When I reached the end of my 4 month contract, I was actually offered a renewal. But I had other plans. The pay left a little to be desired, and I really wanted to feed myself better. I asked around and got my job from the first company back! I’d be in a different team but still close to my original team. Cool! I’d be experiencing a different work team dynamic.

So at the new team, I was tasked with creating a .NET web application from scratch. There were tons more project deadlines to meet, though the projects were smaller in size. I even got to do some public speaking, presenting (web) applications and training users. And I’m still here as of this writing.

Getting to the blogging

I’ve amassed a ton of experience, both programming and non-programming. And I wanted to share them. I wanted to express my ideas and let people know about them so they can learn from my experience and mistakes. Then I found this site by Yaro about entrepreneurship. He’s also a blogger.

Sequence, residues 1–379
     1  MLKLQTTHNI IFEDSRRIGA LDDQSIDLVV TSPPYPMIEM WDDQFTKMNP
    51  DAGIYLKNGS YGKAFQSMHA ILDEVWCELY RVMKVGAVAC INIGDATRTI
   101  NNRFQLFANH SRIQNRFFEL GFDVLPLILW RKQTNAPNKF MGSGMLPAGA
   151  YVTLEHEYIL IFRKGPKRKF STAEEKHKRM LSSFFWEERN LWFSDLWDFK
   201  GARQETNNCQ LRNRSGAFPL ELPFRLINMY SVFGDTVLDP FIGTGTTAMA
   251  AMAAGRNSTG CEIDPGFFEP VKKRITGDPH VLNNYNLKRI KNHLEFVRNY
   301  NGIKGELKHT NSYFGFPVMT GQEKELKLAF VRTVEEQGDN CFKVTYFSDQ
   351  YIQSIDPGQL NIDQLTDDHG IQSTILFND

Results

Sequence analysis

I read through his blog posts and found them really informative. So when he announced that he’s going to teach people how to blog, I signed up right away for his Blog Mastermind program. I mean, a blog is a fantastic vehicle to share my knowledge and experience. Compared with my previous web site creation attempts, a blog is probably easier to maintain.

Well I’ve wanted to be more actively involved in online communities, particular the programming ones. Since Yaro also talks about forums and communities, I figured it’s about time to start. And found Dream In Code. The site offers programming help, has great people and I love the dynamics happening there.

The last word?

So, there you have it, my path of learning and becoming a polymath programmer up till now. It’s by no means complete, because I will continue to learn new things and as a result, be a better person and ultimately be a better programmer.

Share your thoughts!

*The answer to the IQ question above is 1 with 0 sides painted, 6 with 1 side painted, 12 with 2 sides painted, and 8 with 3 sides painted.

  1. Sham

    Wow, I actually read all of that in one reading. Admire your sense of courage and earnest in learning. I hope those acts will infect me soon!

    :: sham ::

Comments are closed.